Generic Name: amoxicillin (am OX i sil in)
Brand Names: Amoxil, Moxatag, Trimox, Wymox
What is Moxatag?
Moxatag (amoxicillin) is a penicillin antibiotic that fights bacteria.
Moxatag is used to treat tonsillitis and/or pharyngitis secondary to Streptococcus pyogenes (S. pyogenes) in adults and children 12 yrs and older. Moxatag is an extended release tablet consisting of three parts, an immediate-release and two delayed-release components, each containing amoxicillin.
Amoxicillin may also be used for purposes not listed in this medication guide.
You should not use Moxatag if you are allergic to any penicillin antibiotic, such as ampicillin, dicloxacillin, oxacillin, penicillin, or ticarcillin.
Before using Moxatag, tell your doctor if you are allergic to cephalosporins such as Omnicef, Cefzil, Ceftin, Keflex, and others. Also tell your doctor if you have asthma, liver or kidney disease, a bleeding or blood clotting disorder, mononucleosis (also called "mono"), or any type of allergy.
Moxatag can make birth control pills less effective. Ask your doctor about using a non-hormone method of birth control (such as a condom or diaphragm with spermicide) to prevent pregnancy while taking Moxatag. Take this medication for the full prescribed length of time. Your symptoms may improve before the infection is completely cleared. Amoxicillin will not treat a viral infection such as the common cold or flu. Do not share this medication with another person, even if they have the same symptoms you have.
Antibiotic medicines can cause diarrhea, which may be a sign of a new infection. If you have diarrhea that is watery or bloody, stop taking Moxatag and call your doctor. Do not use anti-diarrhea medicine unless your doctor tells you to.
Before taking this medicine
You should not use this medicine if you are allergic to any penicillin antibiotic, such as ampicillin, dicloxacillin, oxacillin, penicillin, or ticarcillin.
To make sure Moxatag is safe for you, tell your doctor if you have:
liver or kidney disease;
mononucleosis (also called "mono");
a history of diarrhea caused by taking antibiotics; or
food or drug allergies (especially to a cephalosporin antibiotic such as Omnicef, Cefzil, Ceftin, Keflex, and others).
If you are being treated for gonorrhea, your doctor may also have you tested for syphilis, another sexually transmitted disease.
FDA pregnancy category B. Moxatag is not expected to harm an unborn baby. Tell your doctor if you are pregnant or plan to become pregnant during treatment.
See also: Pregnancy and breastfeeding warnings (in more detail)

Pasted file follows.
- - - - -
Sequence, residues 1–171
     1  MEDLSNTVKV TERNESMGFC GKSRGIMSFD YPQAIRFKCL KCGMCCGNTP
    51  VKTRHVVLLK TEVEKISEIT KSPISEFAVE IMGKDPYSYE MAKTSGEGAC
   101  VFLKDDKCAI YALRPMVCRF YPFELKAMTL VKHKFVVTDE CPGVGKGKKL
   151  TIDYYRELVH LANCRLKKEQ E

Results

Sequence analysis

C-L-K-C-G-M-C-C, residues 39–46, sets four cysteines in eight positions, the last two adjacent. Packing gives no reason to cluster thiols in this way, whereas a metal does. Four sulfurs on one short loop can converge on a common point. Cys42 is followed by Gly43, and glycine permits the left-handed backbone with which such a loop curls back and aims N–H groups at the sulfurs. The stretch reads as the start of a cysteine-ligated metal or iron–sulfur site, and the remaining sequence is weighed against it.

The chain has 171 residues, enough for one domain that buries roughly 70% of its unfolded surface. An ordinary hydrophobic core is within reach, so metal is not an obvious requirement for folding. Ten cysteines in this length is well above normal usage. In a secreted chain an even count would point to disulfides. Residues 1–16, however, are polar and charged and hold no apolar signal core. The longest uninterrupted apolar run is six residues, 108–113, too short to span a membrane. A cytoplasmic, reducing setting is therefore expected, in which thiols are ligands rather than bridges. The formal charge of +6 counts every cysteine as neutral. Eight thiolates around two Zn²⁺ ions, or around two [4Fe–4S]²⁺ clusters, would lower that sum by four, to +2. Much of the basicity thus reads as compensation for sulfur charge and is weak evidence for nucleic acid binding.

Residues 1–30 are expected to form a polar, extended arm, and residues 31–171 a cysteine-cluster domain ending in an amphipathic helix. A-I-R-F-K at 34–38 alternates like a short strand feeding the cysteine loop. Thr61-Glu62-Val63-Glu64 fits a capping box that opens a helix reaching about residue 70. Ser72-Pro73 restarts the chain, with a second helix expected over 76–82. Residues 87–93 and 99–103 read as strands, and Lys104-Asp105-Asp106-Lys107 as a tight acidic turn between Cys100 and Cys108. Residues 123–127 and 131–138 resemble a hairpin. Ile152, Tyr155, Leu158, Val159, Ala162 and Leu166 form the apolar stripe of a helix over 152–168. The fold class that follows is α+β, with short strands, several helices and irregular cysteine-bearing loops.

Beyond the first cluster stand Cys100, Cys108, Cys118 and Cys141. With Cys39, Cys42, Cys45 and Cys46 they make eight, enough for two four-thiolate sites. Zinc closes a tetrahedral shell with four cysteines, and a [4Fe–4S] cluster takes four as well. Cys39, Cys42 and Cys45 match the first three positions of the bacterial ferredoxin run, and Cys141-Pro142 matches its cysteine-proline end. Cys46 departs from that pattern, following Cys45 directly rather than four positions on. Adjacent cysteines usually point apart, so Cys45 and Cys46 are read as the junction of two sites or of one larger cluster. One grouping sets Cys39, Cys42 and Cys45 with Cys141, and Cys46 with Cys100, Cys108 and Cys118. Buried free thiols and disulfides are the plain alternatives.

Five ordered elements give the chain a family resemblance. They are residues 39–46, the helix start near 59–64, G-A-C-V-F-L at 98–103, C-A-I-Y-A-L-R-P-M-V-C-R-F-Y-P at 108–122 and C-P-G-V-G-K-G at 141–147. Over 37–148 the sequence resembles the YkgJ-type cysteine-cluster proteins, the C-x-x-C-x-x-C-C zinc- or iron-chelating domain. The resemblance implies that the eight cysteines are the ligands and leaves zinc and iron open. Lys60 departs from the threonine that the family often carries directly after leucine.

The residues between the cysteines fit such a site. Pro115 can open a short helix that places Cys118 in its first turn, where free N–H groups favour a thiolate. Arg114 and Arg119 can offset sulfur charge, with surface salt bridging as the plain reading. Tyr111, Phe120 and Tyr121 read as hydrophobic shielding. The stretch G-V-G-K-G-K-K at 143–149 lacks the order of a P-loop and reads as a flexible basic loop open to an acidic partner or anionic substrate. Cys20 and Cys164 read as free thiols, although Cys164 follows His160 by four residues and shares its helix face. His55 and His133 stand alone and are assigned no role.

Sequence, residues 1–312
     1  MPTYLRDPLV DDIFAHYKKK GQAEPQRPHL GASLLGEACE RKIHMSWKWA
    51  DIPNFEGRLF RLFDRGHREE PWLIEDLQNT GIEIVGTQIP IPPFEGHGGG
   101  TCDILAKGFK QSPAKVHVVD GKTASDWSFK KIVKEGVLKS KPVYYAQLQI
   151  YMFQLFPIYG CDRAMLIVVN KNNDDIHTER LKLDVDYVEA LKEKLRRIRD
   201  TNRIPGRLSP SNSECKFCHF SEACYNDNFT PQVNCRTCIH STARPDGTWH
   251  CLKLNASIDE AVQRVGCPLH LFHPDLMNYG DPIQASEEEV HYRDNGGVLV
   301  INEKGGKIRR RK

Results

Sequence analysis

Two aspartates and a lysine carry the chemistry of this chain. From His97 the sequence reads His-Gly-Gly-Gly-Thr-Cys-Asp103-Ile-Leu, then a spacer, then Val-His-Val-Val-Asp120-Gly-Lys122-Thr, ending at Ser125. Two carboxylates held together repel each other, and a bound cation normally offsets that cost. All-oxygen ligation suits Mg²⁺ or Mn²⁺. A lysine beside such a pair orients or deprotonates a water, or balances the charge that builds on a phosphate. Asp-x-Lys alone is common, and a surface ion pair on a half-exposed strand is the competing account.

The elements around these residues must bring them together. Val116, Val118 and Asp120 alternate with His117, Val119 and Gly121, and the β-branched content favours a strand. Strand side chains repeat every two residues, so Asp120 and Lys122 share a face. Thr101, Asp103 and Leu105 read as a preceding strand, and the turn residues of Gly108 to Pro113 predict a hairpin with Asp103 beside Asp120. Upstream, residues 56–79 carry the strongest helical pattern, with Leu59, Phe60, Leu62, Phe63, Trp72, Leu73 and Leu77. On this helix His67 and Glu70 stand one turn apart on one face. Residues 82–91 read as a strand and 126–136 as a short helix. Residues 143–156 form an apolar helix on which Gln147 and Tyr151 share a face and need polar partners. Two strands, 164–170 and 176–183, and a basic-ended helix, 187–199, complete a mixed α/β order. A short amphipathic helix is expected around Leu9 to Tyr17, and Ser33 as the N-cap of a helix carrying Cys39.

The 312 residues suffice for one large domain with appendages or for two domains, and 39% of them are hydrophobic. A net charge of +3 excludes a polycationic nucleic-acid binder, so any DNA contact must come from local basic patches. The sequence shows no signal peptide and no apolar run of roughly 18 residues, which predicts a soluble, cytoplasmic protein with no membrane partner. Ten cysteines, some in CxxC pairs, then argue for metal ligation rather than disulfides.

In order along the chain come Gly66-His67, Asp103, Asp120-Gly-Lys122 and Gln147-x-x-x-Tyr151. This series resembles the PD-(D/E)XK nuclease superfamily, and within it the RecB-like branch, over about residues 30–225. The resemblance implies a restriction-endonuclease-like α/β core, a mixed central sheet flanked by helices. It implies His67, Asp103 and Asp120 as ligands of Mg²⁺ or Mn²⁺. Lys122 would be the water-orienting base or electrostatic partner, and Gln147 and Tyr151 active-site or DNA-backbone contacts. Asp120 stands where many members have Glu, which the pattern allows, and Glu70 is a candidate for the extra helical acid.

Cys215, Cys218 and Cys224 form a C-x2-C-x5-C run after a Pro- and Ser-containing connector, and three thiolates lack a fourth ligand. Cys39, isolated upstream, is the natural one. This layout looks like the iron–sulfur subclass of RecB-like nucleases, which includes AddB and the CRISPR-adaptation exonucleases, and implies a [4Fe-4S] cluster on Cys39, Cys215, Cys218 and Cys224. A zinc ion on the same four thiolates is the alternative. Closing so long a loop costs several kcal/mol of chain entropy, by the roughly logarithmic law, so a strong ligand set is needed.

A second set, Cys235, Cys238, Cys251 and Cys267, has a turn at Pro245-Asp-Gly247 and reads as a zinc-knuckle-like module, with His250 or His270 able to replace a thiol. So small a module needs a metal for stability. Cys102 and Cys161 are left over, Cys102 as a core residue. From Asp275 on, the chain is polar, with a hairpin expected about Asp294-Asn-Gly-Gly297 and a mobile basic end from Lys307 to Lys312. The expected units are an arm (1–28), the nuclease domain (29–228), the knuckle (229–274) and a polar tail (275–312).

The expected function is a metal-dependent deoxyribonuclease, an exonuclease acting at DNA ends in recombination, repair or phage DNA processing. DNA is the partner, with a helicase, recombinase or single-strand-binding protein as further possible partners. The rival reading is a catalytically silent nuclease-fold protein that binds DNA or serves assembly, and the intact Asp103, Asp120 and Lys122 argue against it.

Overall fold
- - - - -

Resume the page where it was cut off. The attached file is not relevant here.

Moxatag can make birth control pills less effective. Ask your doctor about using non hormonal birth control (condom, diaphragm with spermicide) to prevent pregnancy while taking Moxatag.
Amoxicillin can pass into breast milk and may harm a nursing baby. Tell your doctor if you are breast-feeding a baby.
How should I take Moxatag?
Take Moxatag exactly as prescribed by your doctor. Follow all directions on your prescription label. Do not take this medicine in larger or smaller amounts or for longer than recommended.
The recommended dose of Moxatag is one 775 mg tabet taken once daily with food. The tablet should be taken within one hour of finishing a meal.
Take Moxatag around the same time every day for 10 days. Complete the full 10-day course of therapy for effective treatment. Do not skip any doses or stop taking Moxatag until you finish your prescribed treatment, unless you have a serious allergic reaction or your doctor tells you to stop.
Do not crush, chew, or break a Moxatag extended-release tablet. Swallow it whole. Breaking the tablet may cause too much of the amoxicillin to be released at one time.
While using this medicine, you may need frequent blood tests. Your kidney and liver function may also need to be checked.
Use this medicine for the full prescribed length of time. Your symptoms may improve before the infection is completely cleared. Skipping doses may also increase your risk of further infection that is resistant to antibiotics. Moxatag will not treat a viral infection such as the flu or a common cold.
Do not share this medicine with another person, even if they have the same symptoms you have.
This medicine can cause unusual results with certain medical tests. Tell any doctor who treats you that you are using Moxatag.